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There’s a very interesting received wisdom around Westminster that a General Election is unlikely. What would it solve? Mrs May has said she is leaving. What would the manifestos be? Ah, finger tapping the nose, you can’t because of the Fixed Term Parliament Act, and MPs would never vote for it. No, not likely, let’s get back to the stalemate – it’s much more fun.
Well there are one or two basic iron laws of politics. One such is if a government can’t govern you have an election. In other words you shake up the Commons, refresh it, give it new energy by giving it a new mandate. Other consequences are secondary.
Mrs May’s early departure is predicated on the Withdrawal Agreement passing. It hasn’t. Conservative Party rules prohibit a challenge to her position as party leader until the autumn. There is, currently, no reason to think she is departing from No 10 anytime soon. Her political obituaries were premature.
This week the Commons is likely to agree to a proposal including a Customs Union and maybe Single Market membership.
Is the Prime Minister then expected to acquiesce to the instruction of the Commons to go and negotiate that with the European Union, against her own oft stated preferences knowing it would cause huge ructions in the Conservative Party and the probable disintegration of the government?
She could ask a senior colleague to do this on her behalf and lead it through the Commons. This person would to all intents and purposes be Prime Minister in all but name. Better in that event for the Cabinet to agree a neutral person to be Prime Minister to do what is necessary, lead the concessions and compromises and oversee the inevitable leadership contest. A ten week Prime Ministership. That would get an agreement done, Brexit underway, and set a date for new leadership. Mrs May would stay as party leader for those ten weeks. She and the Prime Minister would resign on the same day to allow the new Conservative leader to become Prime Minister. Why should she though?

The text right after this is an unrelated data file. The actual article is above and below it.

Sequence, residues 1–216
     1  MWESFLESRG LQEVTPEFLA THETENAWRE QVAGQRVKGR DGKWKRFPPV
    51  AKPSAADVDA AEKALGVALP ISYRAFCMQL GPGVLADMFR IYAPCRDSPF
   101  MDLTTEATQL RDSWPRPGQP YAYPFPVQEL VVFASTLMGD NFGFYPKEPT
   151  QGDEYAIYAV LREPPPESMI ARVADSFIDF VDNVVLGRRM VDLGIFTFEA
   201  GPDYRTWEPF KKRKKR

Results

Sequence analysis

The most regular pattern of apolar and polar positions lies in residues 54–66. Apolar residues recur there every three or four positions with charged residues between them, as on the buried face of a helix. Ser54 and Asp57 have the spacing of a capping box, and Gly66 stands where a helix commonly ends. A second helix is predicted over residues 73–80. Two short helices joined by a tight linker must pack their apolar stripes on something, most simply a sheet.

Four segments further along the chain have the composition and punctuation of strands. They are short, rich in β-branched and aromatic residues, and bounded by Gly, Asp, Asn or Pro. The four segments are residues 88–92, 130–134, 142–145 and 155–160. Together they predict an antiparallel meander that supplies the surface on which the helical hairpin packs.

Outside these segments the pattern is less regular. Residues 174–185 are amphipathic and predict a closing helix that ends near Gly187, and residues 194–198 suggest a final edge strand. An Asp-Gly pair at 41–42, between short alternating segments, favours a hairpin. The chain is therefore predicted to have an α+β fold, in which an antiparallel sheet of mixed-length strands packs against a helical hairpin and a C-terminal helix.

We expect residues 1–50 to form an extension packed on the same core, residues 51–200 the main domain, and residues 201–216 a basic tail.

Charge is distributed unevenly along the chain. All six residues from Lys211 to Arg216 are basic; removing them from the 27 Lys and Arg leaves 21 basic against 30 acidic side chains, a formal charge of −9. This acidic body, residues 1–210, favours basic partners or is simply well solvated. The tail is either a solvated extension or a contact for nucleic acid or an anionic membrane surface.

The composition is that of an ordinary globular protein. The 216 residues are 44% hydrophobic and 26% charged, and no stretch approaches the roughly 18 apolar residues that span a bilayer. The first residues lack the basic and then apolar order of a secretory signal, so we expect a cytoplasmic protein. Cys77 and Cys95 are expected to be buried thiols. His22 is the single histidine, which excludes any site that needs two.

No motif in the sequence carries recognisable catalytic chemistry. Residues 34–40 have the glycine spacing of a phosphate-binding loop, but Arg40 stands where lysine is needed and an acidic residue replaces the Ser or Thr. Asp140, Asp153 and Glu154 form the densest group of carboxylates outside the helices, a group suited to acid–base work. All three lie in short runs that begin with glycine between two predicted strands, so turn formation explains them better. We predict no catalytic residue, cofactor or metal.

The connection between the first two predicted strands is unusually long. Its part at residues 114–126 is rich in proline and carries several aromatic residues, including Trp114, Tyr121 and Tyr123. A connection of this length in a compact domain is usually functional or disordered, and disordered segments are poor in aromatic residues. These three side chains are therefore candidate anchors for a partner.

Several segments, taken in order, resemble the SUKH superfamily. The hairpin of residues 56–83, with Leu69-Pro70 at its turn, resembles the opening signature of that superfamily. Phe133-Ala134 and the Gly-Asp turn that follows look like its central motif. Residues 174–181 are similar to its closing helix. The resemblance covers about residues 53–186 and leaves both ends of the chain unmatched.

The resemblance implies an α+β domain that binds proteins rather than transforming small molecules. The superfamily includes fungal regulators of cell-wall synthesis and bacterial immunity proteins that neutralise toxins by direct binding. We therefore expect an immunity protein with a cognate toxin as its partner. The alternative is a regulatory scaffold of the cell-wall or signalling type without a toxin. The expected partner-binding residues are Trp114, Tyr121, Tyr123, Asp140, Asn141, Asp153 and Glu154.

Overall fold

Polling shows now huge support for the passing of Mrs May’s agreement among Conservative voters. Party polling also shows stronger support for her as leader than any would be successor.
Mrs May could also be forgiven for wondering why she should just stand aside and allow, without further resistance, the possibility that one of the people who had caused her the most political trouble to succeed her as Prime Minister. She knows that many of those who want to take her job will rip up and discard much of the work she had painstakingly done these last few years.
The thought must be then in No 10 that the calling of a General Election is the best as well as inevitable course of action. It would be messy, for both the Conservatives and Labour. There is the the unpleasant memory for Mrs May of the last campaign but she is vastly more experienced and battle hardened now, and she has a better team around her than last time. There is the tantalising prospect of winning, certainly of strengthening her position. This could help her pass her agreement and extend her premiereship. She would have put her agreement to the people and harnessed public support. If she won it would have a mandate to be passed.
The EU would no doubt agree an extension in such circumstances. How could Labour refuse. There would be enough Conservative MPs who would vote to support the Prime Minister’s wish.
A General Election to test people’s views, break the Parliamentary deadlock, re-energise the Government is our normal way of sorting out such a position as the one we find ourselves in. It is the best way. It is the British way.